By Sarah Earle
For years, the tiny community of Waterville Valley fretted over enrollment in its neighborhood school. At its peak enrollment, Waterville Valley Elementary School had around 45 students spread across grades K-8, but over the years, the numbers had waned. Last school year, just 17 students attended the school, and in the spring, only 11 had confirmed they were coming back for the 2020-21 school year.
“We were really in a position where we were very concerned,” said Waterville Valley School Board Member Tim Smith. “We were actively trying to come up with initiatives to make our school more attractive.”
Those initiatives proved largely unnecessary. Amid a historic pandemic, small schools in secluded towns have suddenly become very attractive. In the months since the coronavirus pandemic first arrived in the United States, urbanites have steadily been fleeing big cities — and they’re ending up in places like Waterville Valley, where school enrollment has ballooned to 60.
With its abundance of lakes and mountains and proximity to major cities, New Hampshire is a popular state for second homes: More than 10% of housing units in the state are vacation homes, with the highest concentrations in the Northern counties. The region’s low population density and relatively low COVID-19 numbers add to the allure for city dwellers with second homes here or the ability to pull up roots and purchase a home. The exodus has affected different communities and schools in different ways, presenting both benefits and challenges.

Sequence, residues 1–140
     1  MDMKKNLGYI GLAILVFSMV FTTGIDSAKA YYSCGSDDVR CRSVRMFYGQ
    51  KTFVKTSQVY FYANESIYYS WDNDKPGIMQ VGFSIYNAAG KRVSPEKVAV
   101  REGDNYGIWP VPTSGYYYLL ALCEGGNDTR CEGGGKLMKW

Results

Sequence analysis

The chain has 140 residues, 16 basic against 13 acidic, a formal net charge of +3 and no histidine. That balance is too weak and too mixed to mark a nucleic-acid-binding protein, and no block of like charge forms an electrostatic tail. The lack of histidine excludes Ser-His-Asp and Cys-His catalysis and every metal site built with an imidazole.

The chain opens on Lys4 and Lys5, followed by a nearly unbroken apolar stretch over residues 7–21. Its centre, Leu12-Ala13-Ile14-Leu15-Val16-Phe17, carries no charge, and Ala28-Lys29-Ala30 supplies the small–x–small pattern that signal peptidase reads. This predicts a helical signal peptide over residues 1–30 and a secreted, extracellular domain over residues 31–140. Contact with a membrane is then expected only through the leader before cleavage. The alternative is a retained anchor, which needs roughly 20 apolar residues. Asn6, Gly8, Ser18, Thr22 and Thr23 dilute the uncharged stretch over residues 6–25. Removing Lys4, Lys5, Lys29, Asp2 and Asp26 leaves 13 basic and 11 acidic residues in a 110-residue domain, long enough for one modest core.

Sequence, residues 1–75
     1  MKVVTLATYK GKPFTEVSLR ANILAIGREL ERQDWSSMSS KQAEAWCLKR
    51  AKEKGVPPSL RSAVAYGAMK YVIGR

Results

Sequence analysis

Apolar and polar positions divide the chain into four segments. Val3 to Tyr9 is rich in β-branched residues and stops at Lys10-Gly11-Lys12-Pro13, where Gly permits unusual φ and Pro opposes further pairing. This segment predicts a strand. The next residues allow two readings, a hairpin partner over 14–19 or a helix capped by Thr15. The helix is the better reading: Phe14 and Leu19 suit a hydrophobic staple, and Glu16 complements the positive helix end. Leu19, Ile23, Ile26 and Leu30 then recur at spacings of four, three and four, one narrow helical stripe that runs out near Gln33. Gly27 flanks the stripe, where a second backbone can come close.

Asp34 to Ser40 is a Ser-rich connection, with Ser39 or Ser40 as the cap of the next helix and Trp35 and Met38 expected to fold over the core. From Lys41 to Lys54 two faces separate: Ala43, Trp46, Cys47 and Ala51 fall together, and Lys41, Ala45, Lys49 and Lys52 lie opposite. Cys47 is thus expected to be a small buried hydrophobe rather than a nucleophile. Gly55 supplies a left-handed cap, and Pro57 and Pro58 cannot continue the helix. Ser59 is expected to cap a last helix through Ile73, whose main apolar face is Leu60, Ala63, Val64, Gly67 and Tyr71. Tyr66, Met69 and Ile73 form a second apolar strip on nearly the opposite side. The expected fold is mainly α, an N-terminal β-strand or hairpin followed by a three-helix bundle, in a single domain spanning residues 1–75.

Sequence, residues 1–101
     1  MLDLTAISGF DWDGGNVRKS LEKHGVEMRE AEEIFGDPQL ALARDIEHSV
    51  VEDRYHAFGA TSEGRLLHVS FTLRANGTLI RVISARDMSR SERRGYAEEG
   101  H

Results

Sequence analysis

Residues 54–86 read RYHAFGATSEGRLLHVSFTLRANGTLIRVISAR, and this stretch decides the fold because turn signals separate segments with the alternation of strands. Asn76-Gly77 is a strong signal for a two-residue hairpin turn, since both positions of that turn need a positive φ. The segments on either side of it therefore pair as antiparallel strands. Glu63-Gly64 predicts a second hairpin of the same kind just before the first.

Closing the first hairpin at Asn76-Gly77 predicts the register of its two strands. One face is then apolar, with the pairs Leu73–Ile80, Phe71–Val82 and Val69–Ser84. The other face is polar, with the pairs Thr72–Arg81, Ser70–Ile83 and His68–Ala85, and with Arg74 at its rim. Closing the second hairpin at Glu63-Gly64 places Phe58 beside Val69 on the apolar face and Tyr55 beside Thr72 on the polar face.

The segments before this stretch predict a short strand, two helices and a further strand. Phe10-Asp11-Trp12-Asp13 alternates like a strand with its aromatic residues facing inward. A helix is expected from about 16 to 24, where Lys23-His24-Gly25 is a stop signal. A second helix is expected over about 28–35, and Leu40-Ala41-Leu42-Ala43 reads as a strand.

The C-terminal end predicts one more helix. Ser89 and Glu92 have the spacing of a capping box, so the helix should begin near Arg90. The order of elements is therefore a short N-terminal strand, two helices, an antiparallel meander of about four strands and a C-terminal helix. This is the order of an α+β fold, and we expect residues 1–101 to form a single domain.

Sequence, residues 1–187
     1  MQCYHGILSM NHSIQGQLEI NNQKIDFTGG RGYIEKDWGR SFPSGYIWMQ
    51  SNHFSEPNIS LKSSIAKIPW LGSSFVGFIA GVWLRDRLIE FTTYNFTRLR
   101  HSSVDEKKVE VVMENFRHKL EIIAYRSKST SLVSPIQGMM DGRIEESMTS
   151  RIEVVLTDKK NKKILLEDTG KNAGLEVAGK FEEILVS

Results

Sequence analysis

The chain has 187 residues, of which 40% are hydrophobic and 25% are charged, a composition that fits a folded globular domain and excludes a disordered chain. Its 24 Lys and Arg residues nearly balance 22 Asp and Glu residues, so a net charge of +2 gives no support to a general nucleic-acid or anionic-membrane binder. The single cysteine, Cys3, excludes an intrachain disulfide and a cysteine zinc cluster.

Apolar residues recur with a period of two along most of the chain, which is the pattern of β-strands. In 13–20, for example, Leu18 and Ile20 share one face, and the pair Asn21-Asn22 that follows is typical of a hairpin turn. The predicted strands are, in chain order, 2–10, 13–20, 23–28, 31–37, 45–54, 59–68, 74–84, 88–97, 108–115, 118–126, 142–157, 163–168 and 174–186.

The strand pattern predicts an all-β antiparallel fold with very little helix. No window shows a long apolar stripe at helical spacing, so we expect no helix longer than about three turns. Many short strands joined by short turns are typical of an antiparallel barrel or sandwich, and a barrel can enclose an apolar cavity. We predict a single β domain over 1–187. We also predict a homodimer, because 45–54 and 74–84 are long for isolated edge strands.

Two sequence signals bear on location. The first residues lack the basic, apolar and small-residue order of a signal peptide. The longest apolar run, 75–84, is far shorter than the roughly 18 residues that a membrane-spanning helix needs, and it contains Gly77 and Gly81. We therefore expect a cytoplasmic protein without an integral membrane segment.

“They’re definitely coming in droves. It’s wonderful.”
Enrollment spikes in quaint towns like Waterville Valley Elementary School are not unprecedented. The town also saw a swell in enrollment in the wake of the Columbine High School massacre and 9/11 attacks.
“It seems as though the major driver to schools like ours is worry,” said Smith, whose twin 10-year-olds have attended the elementary school since kindergarten.
Dominated by the Waterville Valley Ski Resort, the town is home to a mix of retirees and school-age families. The 2018 census puts the population at 243, but Smith said it’s climbed to the mid 400s since he moved there six years ago.
The tiny K-8 school boasts high test scores and spends more per pupil than any other town, while enjoying some of the lowest property tax rates in the state.
Those numbers belie the budgetary realities at the school, said Smith, who is general manager of the ski resort.
“We have a hard time keeping the building erect,” he said. “We’re trying to figure out how we’re going to put siding on the building … and fund our playground. It took us years to put new windows in.”
Last year, Waterville Valley Elementary School shut down portions of the building and condensed classrooms for more efficiency. The school board attempted to start a preschool as a means of building enrollment, a proposal that failed at the annual school district meeting. In June, they cut tuition for non-resident students in hopes of attracting people from outside Waterville Valley.
Then, the phone calls started coming. “We got 10 more and 10 more and 10 more,” Smith said. “They’re definitely coming in droves. It’s wonderful.”
Jennifer Pires and her family were visiting their second home in Waterville Valley in March when they heard Boston schools were shutting down. The weekend trip stretched into a months-long adventure. “My husband and I decided that there was more for the kids to do here,” said Pires, who owns her own graphic design firm. “It was really sort of an easy decision.”
A more difficult decision confronted them this summer, when they learned the school their two daughters were attending in Boston would remain remote in the fall. After securing a leave of absence from the school, which they’d waited two years to get into by lottery, they opted to take up residence in Waterville Valley for the year.
“We want them to be outside. We want them to be in a small school environment where they know the kids,” Pires said. “It’s an amazing school. We love it.”